My dream is to be a full time knifemaker, however that's what it is (for me), just a dream. If you decide to go for it, I say great! All of us on the forums will try and answer your questions as your in the learning phase, and there is a ton of material to learn, starting with the info Bob Engnath(I'm sorry for misspelling his name if I did) has on a site.
I sure don't mean to discourage you, and if I did then I appologize. Just start looking into all aspects of what it is you propose to do, how much money you'll need for equipment, how you'll get your customers, making as many shows as you can(a must do). Also, none of this means a thing if you don't have a good product. You must at first learn how to make a knife. I started in 87 with RR spike letter openers then graduated to other things. 'Re-read Del's thread again, and note that he had another job for 20 years before he jumped in, and Del is one of the best in my opinion.
Sorry to ramble, I just hate to see someone get into a bind with a quick decision. Let's see how it goes, and we'll look at this thread again on January 5, 2008. I'm hoping you'll turn into a great maker, and backlogged several years (some of the great ones are!).
Best of luck!
Robert
 
rhrocker said a mouthful . I'll second everything he said and add that I couldn't make it on my income alone at this point in time. This is a team effort when it comes to paychecks ( the wife and I ). And I don't turn down any small machining jobs or repairs that come my way either . Someone once told me that its not how much money you make,its what you do with it . Everyone has their own comfort level and only you know what you can live with and live without. I'm still dream'in,and I believe with hard work anyone can succeed and to succeed it's important,imperative in fact ,to love what you do. I got that one covered :) not only do I love making knives,I love making chips. My Grandpa was a Tool Maker,My Dad was a Tool Maker,as were all of his brothers. And by golly I'm a Tool Maker too ;) Its in my Blood :thumbup:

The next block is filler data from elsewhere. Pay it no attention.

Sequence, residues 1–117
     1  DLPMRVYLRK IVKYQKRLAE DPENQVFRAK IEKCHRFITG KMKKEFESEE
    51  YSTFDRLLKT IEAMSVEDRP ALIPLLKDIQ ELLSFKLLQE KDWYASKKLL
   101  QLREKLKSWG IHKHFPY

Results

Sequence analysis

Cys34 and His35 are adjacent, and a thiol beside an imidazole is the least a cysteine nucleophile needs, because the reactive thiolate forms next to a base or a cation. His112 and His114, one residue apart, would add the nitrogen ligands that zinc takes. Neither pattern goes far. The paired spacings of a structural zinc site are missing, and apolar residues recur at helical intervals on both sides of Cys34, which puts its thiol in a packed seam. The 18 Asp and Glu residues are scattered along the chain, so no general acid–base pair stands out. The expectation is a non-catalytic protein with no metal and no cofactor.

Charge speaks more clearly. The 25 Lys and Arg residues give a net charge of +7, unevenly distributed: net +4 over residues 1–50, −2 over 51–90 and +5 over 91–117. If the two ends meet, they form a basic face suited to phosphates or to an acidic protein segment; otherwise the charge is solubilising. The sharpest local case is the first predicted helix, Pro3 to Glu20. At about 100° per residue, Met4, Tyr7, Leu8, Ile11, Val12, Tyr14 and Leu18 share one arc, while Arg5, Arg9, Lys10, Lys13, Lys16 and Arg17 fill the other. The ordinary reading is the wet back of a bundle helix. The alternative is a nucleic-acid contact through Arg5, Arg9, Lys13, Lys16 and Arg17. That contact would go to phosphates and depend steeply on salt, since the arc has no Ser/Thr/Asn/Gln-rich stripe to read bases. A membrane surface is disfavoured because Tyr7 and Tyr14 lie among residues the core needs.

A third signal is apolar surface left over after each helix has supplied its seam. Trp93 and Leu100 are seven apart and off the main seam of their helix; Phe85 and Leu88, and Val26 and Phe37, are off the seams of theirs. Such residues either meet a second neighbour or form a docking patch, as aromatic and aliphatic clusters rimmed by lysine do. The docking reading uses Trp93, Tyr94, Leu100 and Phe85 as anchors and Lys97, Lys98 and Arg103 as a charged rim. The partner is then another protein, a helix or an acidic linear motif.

The thought of becoming a knifemaker crossed my mind briefly but then I decided that I should probably continue to pursue college lol.
 
You have to really like it to do it for a living. And don't expect to make much money either. Do it for the love of the craft and not for the money. I'm not full time but I'm "most of the time" knifemaker. I mean I have a part time job but I spend most of my time as a knifemaker. I'm used to being this way because before I did this I was an artist. I was always able to make do with little income. If you make a lot of money now don't quit your job because you won't be able to support yourself as a knifemaker unless you have a huge savings you can use.
 
ritzblitz if you're there you should probably finish :) Like Ray I do it for the love,the love of working with metals. Its all I know :) Its all I've ever done in one form or another. I'm hoping to always be able to make knives.
 
If my wife ever quit supporting me I would rent a one bedroom house and move my forge into the front room right next to my army cot and make knives until the landlord gets the sheriff to make me move. Knifemaking is that good.
 
Thanks Barkes for the good words , thanks a bunch ;) I'm with you Bruce :thumbup: Personally hawkinsa21 after all of the replys and thinking about this for the last day or two, I can't ever remember being happier and I would not change a thing. I will tell you one thing that no one has said , you will never be a full time knifemaker if you don't at least try , that is a for sure ! I would not try to discourage anyone from pursuing something they love to do. All you have to do is look around to see that some here have made it work. If you have yet to make you're first knife then you have a ways to go yet.Like rocker said , first you have to learn to make a knife. And that my friend is not as easy as it may appear. Good luck in whatever it is you decide to do :) I hope to see you around.
 
I'm not sure if Robert was talking about Terry Primos, but here is a guy who did FABULOUS work that users and collectors clamored over and had a waiting list of at least six months and had to quit full time knifemkaing because it wasn't paying the bills and putting food on the table because he coudn't make enough knives. I found it ironic and sad that Terry's dedication to the craft and extreme attention to detail and quality kept him from making a decent living because he wouldn't let the quality of his knives slip in order to increase his production. Even if I manage to do enough big real estate deals over the next five years or so that I don't have to work at it actively anymore, I will never make knives as a "job" because I just want to make the knives that I like in the style and at the pace I want:D My hat is off to the guys who do it full time, because they ain't gonna get rich at this game. You have to love the game even MORE than the restof us to do it full time:)
 
Well, it ain't easy.

First off, welcome to the forums Hawkinsa21!!!